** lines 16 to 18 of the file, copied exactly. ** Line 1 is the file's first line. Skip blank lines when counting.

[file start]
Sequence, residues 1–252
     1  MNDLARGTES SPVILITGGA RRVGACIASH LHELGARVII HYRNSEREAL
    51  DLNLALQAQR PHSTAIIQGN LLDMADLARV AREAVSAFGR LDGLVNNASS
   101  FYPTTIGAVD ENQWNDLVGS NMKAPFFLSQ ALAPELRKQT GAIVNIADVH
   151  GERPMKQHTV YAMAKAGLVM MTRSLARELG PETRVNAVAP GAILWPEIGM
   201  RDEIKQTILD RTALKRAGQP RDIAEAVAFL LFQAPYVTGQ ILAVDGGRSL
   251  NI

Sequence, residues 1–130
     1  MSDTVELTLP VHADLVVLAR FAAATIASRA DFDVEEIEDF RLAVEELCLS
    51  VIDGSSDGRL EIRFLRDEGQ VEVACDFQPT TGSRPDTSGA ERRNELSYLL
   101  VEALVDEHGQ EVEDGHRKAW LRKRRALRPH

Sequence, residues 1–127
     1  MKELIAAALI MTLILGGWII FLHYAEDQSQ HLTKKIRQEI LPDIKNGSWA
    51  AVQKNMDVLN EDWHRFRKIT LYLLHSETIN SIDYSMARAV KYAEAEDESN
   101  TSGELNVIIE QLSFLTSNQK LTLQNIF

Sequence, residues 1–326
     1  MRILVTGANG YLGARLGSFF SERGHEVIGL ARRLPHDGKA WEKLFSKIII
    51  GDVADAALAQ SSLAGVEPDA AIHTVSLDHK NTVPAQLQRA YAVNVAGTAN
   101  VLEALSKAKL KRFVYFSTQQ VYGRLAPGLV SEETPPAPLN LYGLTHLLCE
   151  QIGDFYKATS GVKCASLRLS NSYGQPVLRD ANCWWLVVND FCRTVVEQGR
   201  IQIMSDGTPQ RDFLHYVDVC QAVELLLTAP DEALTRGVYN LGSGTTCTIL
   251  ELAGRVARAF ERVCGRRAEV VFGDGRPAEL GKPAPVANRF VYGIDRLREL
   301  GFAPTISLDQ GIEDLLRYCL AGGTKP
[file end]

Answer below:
Sequence, residues 1–326
     1  MRILVTGANG YLGARLGSFF SERGHEVIGL ARRLPHDGKA WEKLFSKIII
    51  GDVADAALAQ SSLAGVEPDA AIHTVSLDHK NTVPAQLQRA YAVNVAGTAN